Correction: An earlier version of this story should have said Cambria water policy reversals took place about four weeks apart (in August, September, October), not over a period of four weeks. Another policy change came in January.
Water — or the lack of water — dominated a candidate debate Monday between incumbent District 2 county Supervisor Bruce Gibson and challenger Muril Clift, a Cambria Community Services District director.
A nearly full house of about 70 people turned out for the debate at Santa Rosa Catholic Church in Cambria sponsored by the North Coast Farm Center, a branch of the county Farm Bureau.
The agriculture-focused debate clearly demonstrated the differing governing philosophies, including over such issues as the county not changing Cambria’s growth rate from zero to 1 percent.
On June 3, voters will choose which of the men will represent District 2 on the Board of Supervisors for the next four years. The winner must secure a majority vote or the election heads to a runoff in November. With only two candidates, though, a runoff is unlikely.
As Gibson put it during the debate Monday, the Cambria services district’s situation is “a potential out-of-water emergency, a slow-moving but emerging emergency” with the possibility of “turning open a tap and not having drinkable water come out.”
Clift said the actual work of putting in place an emergency water-supply project should take “about six weeks to get it up and running.” The district has been working on getting an emergency brackish-water desalination plant operating as soon as possible.
Clift said Monday that the district has elements of the project, such as a well-driller, poised and ready to start as soon as the lengthier aspect of the project — getting the permits — is complete or at least underway. He wants the planning process, which normally would take 18 months “scrunched into three or four months.”
He also said “lack of political will to implement the solutions” and a “vocal group with friends in the county and state basically stopped any movement forward” on a permanent desalination plant or other water-supply solution over the past decade.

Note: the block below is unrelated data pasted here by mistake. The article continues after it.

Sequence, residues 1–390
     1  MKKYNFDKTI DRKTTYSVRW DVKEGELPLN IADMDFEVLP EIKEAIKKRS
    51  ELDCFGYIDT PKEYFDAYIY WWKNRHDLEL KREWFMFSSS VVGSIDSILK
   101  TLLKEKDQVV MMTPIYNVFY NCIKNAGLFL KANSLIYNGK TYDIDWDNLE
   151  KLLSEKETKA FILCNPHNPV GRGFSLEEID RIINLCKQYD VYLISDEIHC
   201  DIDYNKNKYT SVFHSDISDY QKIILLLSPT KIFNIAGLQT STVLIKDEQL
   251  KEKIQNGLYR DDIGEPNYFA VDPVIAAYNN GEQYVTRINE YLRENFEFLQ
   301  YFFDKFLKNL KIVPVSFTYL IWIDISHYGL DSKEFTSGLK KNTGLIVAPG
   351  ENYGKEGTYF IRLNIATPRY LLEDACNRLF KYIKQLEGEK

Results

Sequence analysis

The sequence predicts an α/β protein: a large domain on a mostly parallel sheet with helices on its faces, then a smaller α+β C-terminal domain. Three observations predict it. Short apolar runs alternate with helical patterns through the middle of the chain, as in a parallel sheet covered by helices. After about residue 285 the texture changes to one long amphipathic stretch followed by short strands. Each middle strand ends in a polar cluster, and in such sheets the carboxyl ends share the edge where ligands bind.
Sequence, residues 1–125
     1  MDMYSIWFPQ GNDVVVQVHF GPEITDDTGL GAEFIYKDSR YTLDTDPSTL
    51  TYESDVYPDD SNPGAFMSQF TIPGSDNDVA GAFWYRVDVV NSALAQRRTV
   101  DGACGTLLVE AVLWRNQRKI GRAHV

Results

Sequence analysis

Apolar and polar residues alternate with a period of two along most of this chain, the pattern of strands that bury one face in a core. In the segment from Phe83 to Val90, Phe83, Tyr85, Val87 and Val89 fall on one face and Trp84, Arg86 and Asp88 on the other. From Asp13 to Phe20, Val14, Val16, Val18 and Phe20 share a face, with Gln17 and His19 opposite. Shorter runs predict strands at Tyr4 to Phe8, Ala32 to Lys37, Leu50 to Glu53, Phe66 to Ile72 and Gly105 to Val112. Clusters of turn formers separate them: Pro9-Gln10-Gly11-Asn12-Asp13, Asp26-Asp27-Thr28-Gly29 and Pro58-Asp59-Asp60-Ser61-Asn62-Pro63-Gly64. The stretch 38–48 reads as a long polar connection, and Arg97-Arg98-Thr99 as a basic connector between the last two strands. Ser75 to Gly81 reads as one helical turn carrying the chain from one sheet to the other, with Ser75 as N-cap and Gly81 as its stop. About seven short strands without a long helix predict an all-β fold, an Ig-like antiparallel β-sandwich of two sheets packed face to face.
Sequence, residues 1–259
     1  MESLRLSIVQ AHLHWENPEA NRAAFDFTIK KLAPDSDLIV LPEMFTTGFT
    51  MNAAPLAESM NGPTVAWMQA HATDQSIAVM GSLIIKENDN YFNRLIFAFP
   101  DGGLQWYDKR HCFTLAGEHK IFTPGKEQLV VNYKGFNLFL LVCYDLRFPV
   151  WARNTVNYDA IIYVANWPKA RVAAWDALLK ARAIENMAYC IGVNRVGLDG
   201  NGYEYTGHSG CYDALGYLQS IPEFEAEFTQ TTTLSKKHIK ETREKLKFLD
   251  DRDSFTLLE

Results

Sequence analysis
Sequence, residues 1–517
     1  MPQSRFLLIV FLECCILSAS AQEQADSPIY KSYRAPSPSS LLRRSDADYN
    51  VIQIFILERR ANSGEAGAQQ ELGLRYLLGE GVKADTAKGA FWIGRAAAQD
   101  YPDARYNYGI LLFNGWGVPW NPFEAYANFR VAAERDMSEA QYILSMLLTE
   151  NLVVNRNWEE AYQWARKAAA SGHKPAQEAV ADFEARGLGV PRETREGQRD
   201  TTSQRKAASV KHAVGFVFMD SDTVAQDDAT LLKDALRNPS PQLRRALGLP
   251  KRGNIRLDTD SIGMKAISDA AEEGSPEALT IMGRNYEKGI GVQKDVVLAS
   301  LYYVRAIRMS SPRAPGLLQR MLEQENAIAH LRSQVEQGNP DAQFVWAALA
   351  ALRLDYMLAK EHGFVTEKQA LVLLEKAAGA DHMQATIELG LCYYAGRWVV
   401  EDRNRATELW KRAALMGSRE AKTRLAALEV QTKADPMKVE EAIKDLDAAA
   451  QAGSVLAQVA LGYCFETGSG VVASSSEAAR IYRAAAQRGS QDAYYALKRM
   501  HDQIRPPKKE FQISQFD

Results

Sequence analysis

Gibson, in turn, said Clift and his services district peers lacked “direction, focus and leadership” in anticipating and handling the water crisis.
Despite warnings from farmers and some community members last summer about a pending drought, the district tried to get county support for changing Cambria’s allowed growth rate from zero to 1 percent so the district could approve new water connections, Gibson said.
To illustrate his belief that the district’s actions were confused and unfocused, Gibson recalled that directors in August discussed how many new water connections the district could serve; four weeks later, declared a water shortfall through the summer and fall, prompting a ban on using tap water for outdoor irrigation; in another four weeks, allowed ratepayers to use district water on landscaping once a week; and in January declared a drought-triggered water emergency with strong restrictions and steep surcharges.
Gibson initially focused on his ties to audience members, many of whom were ranchers, farmers or people who live on rural properties.
“I’ve lived a lot of the issues we’re going to talk about,” he said. Gibson grows citrus on 170 acres in Cayucos, and about 25 years ago, “I was chest high in a field full of artichokes,” on a Cambria farm owned by his parents, Jack and Jane Gibson.
Clift opened with a brief rundown of his own history and a description of why he chose to run against the man he had once supported. As Clift told a reporter before the debate, Gibson “didn’t help us.”
Clift told the audience he was disappointed by Gibson’s “need for total control” and his “smart growth” approach that “has become absolute, total ‘no growth.’ It makes it impossible for districts to finance infrastructure without putting a lot of financial burdens” on ratepayers.
MORE DEBATES TO COME
District 2 supervisorial candidates Bruce Gibson and Muril Clift are also due to jointly appear: